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Five Ways to Safeguard Your Application from Third-Party API Outages By @webcodepro | @CloudExpo #Cloud

There have been a number of high-profile API outages in recently that caused some well-known websites & applications to go down

Five Ways to Safeguard Your Application from Third-Party API Outages
By Janet Wagner

The Internet of Things (IoT) is growing at a rapid pace with millions of new devices getting connected every day.

Gartner forecasts that 6.4 billion connected things will be in use in 2016 and by 2020, the number will reach 20.8 billion. Billions of devices including smartphones, laptops, cars, watches, refrigerators, and even thermostats are all getting connected thanks to APIs. Many of these devices are part of a larger application ecosystem, connected to the cloud and each other using the same APIs.

There have been a number of high-profile API outages in recent months that caused some well-known websites and applications to go down. With so many devices and applications using many of the same cloud services and APIs, one outage can potentially take down entire application ecosystems. While it may not be possible to completely prevent an API outage from taking down your website, web or mobile application, it is possible to take steps to reduce the impact of a third-party API outage.

Web Service Outages
Twitter experienced a major outage for about an hour on January 19, 2016 which caused the Twitter website and applications to malfunction for users worldwide.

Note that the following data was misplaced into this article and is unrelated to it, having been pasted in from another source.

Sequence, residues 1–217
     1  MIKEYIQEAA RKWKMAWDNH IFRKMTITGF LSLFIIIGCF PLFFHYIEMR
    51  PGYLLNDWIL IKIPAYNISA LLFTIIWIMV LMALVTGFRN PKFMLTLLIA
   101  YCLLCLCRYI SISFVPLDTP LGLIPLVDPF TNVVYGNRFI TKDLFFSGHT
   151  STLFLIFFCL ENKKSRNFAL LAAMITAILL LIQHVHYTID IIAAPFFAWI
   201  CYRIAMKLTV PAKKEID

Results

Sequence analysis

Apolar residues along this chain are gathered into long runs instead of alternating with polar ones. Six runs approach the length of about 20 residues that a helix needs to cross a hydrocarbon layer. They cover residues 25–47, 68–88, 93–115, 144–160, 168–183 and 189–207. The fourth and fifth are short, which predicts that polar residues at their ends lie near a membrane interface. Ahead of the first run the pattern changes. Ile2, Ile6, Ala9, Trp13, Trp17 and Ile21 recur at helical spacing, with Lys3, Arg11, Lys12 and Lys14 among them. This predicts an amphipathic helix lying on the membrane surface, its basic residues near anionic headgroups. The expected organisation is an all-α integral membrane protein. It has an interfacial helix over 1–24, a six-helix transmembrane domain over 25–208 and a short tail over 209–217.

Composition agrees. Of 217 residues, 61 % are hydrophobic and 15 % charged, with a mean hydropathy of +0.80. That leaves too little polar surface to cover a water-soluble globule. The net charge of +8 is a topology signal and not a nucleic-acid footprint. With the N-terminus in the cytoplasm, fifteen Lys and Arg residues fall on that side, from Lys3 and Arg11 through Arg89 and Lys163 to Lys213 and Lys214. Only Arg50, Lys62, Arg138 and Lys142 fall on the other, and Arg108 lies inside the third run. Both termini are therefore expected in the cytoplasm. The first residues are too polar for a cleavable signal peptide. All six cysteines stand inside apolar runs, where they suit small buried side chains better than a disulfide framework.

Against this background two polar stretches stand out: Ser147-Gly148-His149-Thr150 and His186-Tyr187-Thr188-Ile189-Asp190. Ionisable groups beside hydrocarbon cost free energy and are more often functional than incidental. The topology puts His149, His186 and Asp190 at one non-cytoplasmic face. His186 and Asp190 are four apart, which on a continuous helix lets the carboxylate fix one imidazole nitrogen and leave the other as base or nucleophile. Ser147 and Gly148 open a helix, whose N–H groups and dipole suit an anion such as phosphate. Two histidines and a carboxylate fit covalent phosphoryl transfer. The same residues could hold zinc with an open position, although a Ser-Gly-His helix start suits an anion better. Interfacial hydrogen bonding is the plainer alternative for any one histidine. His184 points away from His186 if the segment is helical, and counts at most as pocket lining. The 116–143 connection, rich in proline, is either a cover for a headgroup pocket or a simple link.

Twitter Outage

Application ecosystems are getting larger and more complex with each passing day. While API providers do their best to ensure API availability, outages do still occur from time to time.

Consider the following examples:

  • On January 26, 2015, both the Facebook and Instagram API servers went down for about an hour taking down Facebook and Instagram. The outage also impacted a number of well-known websites including Tinder and HipChat.
  • On September 20, 2015, Amazon Web Services (AWS) experienced a brief disruption that caused an increase in faults for the EC2 Auto Scaling APIs. Within the same month, the Facebook Graph API went down briefly on three separate occasions. Facebook is considered a very reliable service so the fact that Facebook suffered from three outages in the same month was widely reported.
  • On January 19, 2016, Twitter experienced a major outage that impacted many of the websites and applications using Twitter APIs. The API outages caused the Twitter website and applications to malfunction for users worldwide for about an hour.

API outages aren't limited to the large scale APIs like those experienced by giants like Facebook and Amazon. And if you have an application that is dependent on external APIs to perform a critical function, you need to have a plan for dealing with disruptions.

There are a number of solutions that developers can use to prevent API outages from negatively impacting a website or application.

1. API Virtualization
API virtualization